According to many scholars, modern liberal democracy has advanced in waves. But liberal democracy has also had its setbacks. Some argue that it is in trouble in the world today, and that the young millennial generation is losing faith in it.
Timeline of Thomas Jefferson’s Life
This resource is a timeline of the private and public events in Thomas Jefferson’s life, including his election to the House of Burgesses and death of his mother.
Choosing to Make a Nation: Constitutional Convention Simulation
The Choosing to Make a Nation Curriculum Project developed by award-winning author Ray Raphael is a student-centered, primary source-rich approach to teaching about American history and our nation‘s founding documents.
An 8-lesson simulation in which students become delegates from specific states and address the same issues the framers faced. Unit includes the following lesson plans –
(1) Reform or Revolution?
(2) Composition of Congress
(3) Creating an Executive Branch
(4) Should Judges Judge Laws?
(5) Balance of Powers
(6) Slavery and the Constitution
(7) Amendments and Ratification
(8) To Sign or Not to Sign?
Option A: The historical Constitution
Option B: Student-generated constitution
George Washington and the Founding of the U.S. Government
The founding of the United States government is intimately intertwined with George Washington’s own biography. This web page offers resources for teachers to use in their classrooms associated with Washington’s role in the creation of the government. Included are primary and secondary sources, as well as essential questions for teaching the founding, lesson plans and classroom ready activities.
Voting and Elections in Early America
Google Cultural Institute exhibit by Constitutional Rights Foundation & Barat Education Foundation’s Library of Congress Teaching with Primary Sources Program. Long before the pilgrims landed, voting and elections were taking place in America. For example, the Five Nations of the Iroquois Confederacy, a powerful alliance of Native American tribes who inhabited territory west of the Colonies, had established a system of representative government sometime around 1500 that lasted until the Revolutionary War. Women played a prominent role in choosing its political leaders.
Presidential Campaign Memorabilia on DocsTeach
This page includes a variety of primary sources in the form of artifacts, photographs, documents, and more; as well as additional online resources. Themes highlight political memorabilia from presidential campaigns from the 1850s through the 1990s. Items come from the holdings of the Presidential Libraries of the National Archives.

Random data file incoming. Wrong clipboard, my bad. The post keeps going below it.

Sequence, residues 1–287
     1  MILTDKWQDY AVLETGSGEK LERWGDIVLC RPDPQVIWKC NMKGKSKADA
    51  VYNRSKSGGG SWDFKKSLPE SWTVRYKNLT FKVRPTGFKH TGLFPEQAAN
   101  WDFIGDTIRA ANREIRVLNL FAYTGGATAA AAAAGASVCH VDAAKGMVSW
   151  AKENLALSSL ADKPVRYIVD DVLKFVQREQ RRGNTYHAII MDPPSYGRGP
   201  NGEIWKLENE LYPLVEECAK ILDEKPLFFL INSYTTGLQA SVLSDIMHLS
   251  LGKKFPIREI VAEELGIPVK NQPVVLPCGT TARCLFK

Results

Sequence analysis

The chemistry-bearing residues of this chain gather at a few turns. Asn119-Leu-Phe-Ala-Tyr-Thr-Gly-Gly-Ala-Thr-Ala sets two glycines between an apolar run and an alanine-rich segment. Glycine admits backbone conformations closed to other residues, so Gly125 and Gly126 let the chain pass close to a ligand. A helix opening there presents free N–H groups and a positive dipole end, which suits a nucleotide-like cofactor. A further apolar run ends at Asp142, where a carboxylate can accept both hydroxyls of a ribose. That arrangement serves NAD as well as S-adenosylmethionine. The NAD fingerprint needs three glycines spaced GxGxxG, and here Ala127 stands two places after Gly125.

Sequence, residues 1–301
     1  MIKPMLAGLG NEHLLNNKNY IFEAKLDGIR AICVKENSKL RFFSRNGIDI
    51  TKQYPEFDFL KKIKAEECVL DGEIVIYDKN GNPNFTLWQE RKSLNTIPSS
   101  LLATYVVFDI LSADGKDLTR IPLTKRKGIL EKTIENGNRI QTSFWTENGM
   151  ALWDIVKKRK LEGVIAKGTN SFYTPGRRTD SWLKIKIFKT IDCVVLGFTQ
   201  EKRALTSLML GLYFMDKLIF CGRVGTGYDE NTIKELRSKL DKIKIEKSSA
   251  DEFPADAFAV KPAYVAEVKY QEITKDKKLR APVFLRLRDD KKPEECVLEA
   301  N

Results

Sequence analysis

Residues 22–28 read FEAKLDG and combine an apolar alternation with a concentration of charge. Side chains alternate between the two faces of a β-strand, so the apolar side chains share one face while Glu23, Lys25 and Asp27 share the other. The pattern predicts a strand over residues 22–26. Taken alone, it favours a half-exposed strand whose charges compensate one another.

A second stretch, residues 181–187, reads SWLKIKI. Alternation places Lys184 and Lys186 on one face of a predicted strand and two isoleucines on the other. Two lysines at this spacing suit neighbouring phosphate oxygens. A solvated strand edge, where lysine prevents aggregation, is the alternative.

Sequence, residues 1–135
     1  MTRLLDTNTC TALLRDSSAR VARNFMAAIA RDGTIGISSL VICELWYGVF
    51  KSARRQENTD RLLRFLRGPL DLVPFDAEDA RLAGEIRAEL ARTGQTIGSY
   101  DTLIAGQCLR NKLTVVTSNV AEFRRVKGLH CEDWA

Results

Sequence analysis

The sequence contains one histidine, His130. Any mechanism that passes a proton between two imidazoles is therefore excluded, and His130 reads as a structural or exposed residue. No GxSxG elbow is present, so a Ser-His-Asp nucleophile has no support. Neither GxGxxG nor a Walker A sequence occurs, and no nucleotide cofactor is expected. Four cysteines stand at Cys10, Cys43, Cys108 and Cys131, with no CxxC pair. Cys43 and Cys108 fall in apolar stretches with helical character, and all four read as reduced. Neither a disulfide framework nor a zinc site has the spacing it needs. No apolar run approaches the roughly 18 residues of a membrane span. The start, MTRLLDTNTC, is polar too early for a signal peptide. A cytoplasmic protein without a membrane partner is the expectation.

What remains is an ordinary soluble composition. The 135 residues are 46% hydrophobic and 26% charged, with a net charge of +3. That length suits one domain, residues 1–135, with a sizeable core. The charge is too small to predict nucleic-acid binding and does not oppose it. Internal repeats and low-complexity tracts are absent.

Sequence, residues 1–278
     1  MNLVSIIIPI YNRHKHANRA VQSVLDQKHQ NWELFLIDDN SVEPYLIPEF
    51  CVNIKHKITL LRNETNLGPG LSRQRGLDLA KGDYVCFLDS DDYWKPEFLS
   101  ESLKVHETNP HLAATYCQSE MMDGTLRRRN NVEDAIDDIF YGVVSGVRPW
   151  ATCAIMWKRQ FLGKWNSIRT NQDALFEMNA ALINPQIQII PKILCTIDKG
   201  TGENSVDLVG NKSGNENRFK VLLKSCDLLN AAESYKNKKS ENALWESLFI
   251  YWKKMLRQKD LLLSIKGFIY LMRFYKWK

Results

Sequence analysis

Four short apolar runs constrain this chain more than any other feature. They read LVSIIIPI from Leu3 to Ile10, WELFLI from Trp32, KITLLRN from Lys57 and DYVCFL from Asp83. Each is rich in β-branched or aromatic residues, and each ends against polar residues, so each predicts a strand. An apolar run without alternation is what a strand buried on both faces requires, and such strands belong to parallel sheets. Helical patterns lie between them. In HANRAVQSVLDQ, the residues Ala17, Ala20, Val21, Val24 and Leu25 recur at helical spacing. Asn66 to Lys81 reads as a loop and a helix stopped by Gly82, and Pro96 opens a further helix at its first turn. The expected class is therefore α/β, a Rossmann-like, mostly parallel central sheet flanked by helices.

George Washington and the Revolution
This short video examines the role played by George Washington in the defeat of the British during the American Revolution. From the moment he assumed command, Washington emphasized the importance of union to the war effort, in spite of challenges faced while commanding forces that were ill-fed, ill-supplied, and ill-served by the Confederation Congress. Professor W. B. Allen concludes that Washington’s leadership held both the military and the nation together during this tumultuous period.
George Washington and the Constitutional Convention
This short video discusses George Washington’s “infinite care in preparing the Constitution for posterity.” As Chair of the Constitutional Convention, Washington was most often silent, but he did cast a crucial vote in the Virginia delegation, resulting in the adoption of the Connecticut Compromise. Professor W. B. Allen emphasizes the role played by Washington in providing leadership and structure as the principles of the Constitution were argued and articulated.
George Washington in Retirement
This short video describes the “retirements” of George Washington. He threatened to retire while serving in the colonial militia, but did walk away from the military in 1783 and from the Presidency in 1796. Professor W. B. Allen notes that Washington’s life-long involvement with Mount Vernon enabled him, in 1796, to immediately resume efforts to provide for his family and for the enslaved people who would be freed upon his death.
George Washington and James Madison
This short video tells the story of the “peculiar relationship” between George Washington and James Madison. Throughout their long years of collaboration, they were “intimate yet distant” in their common effort to create and sustain the American republic. Professor W. B. Allen emphasizes that, though their political differences ultimately led to estrangement, they remained united in their chief goal: making the Constitution work.